As more people just like you turn to Internet research in your quest for a new vehicle, car companies are stepping up with websites geared to providing all the information you'll need - and then some - to make informed decisions.
Websites that focus on user-friendliness and usability over flash and blatant and tiring brand promotion are more likely to see customers enter their showrooms intent on taking a vehicle for a test drive, suggests a study by J.D. Power and Associates.
Power's 2010 Manufacturer website evaluation study found that Honda and Kia rank highest with American buyers for being "prime examples" of particularly straightforward sites that focus on providing appropriate information for shoppers easily and quickly."
Both sites performed well in each of the four measures examined: speed; appearance; navigation; and information/content, said J.D. Power director of marketing and media research, Arianne Walker.
In a sign that most manufacturers "get it," nearly two thirds of the 33 websites evaluated ranked at or above the industry average, Walker noted.
The lowest-scoring websites, she said, paid more attention to edgy, brand-centric design and their own marketing objectives, "rather than focusing on traditional ease of navigation and user access to information and content to meet shoppers needs."
A similar J.D. Power survey undertaken in Canada revealed that potential buyers who like a carmaker's Web site are more likely to test drive a vehicle from that company's lineup.
Spokesman Ryan Robinson pointed to the growing importance of a carmaker's website in attracting prospective buyers, finding that 60 per cent of shoppers in the market for a new vehicle in the next year "have already visited a manufacturer's website."
And twice as many shoppers in the market for a vehicle visit a manufacturer's site compared with a third-party site, Robinson said.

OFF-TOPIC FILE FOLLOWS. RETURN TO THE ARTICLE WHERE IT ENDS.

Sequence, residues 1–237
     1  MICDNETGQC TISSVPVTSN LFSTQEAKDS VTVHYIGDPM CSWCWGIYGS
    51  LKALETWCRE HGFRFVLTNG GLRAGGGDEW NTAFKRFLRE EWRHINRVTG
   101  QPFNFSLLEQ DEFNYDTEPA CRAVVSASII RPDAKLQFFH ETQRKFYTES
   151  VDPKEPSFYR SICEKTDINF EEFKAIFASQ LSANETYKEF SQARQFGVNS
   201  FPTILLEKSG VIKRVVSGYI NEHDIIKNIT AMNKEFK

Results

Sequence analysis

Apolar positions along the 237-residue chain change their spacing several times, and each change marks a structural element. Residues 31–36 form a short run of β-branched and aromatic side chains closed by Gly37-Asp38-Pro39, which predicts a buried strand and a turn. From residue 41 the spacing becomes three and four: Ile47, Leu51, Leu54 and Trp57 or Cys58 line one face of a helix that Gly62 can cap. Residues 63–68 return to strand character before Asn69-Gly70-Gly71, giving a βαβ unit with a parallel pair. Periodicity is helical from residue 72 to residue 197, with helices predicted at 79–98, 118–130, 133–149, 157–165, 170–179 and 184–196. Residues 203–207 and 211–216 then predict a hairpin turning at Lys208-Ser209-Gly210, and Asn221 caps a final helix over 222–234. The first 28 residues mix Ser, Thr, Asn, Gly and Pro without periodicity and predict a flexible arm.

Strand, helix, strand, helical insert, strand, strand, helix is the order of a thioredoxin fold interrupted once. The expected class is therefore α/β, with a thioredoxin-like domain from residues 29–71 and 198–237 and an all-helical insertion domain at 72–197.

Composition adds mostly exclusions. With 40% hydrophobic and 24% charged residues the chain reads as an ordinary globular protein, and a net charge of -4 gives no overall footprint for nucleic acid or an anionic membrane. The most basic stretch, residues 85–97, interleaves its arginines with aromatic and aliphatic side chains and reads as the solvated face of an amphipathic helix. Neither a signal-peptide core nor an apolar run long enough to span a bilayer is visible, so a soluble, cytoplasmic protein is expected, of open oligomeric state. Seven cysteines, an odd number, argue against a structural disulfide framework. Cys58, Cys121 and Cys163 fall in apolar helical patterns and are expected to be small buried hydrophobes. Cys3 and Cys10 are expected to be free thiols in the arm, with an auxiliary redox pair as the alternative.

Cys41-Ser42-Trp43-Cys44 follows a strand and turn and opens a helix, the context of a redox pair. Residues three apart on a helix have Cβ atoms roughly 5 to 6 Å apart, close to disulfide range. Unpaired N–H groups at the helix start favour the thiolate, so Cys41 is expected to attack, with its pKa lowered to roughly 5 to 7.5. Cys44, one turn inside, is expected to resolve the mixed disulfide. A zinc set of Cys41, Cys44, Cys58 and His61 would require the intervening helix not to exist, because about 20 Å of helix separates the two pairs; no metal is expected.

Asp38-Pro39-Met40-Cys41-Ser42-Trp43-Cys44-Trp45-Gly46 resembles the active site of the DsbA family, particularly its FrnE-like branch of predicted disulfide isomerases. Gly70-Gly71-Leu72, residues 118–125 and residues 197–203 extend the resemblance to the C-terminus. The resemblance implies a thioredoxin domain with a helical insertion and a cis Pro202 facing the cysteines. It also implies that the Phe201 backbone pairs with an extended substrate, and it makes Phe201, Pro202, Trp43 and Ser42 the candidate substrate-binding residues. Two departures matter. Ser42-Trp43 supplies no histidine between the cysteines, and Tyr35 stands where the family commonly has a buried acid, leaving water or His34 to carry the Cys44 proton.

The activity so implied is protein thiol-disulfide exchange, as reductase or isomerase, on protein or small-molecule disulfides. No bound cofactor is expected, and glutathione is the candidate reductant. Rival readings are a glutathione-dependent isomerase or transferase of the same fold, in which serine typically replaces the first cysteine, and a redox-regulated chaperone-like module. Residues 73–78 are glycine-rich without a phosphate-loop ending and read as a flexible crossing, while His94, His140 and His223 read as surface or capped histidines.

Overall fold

As a result, it is crucial for manufacturers to provide an "effective and satisfying" site, particularly when it is likely to result in increased showroom traffic.
Of those surveyed, 40 per cent were also more interested in broader site functionality, such as the ability to schedule a sales or service appointment or complete a credit application online, compared with 30 per cent only a year ago.
- Acura's elegant U.S. site, also a J.D. Power pick, is reflective of its cars. Roll over the vehicle name and the information window automatically drops down. The "interactive showroom" allows you to spin the vehicles on a turntable for a 360-degree view. If the Web site can do this, the cars must be cool, right?
- The U.S. Mazda site ranked behind Honda and Kia. When you arrive, a little green creature speeds around the page. Cute . . . The rollover menu down the left is particularly quick to react, although once you click to see more about your vehicle, the all-important menu is overpowered by a collection of seemingly unrelated information, such as "Play DriverVille," which links to a Facebook page.
- Easily as elegant as the Acura site, the U.S. Infiniti page also features information that drops down when you roll over the vehicle you want to find out more about, but it's artsy and we found it a little slow. The site, a top-five pick for J.D. Power, is highly detailed with excellent photography, but it really requires you to click around to get at the tiny bits of information.
- Kia's website was ranked in the top five in the United States by J.D. Power, along with Honda, Acura, Infiniti and Mazda, for the same reasons: getting concise and clear information across to viewers in a speedy manner. The vehicles switch on the screen in front of your eyes and the handy "explore" button is large and relatively intuitive, but it could read "see more."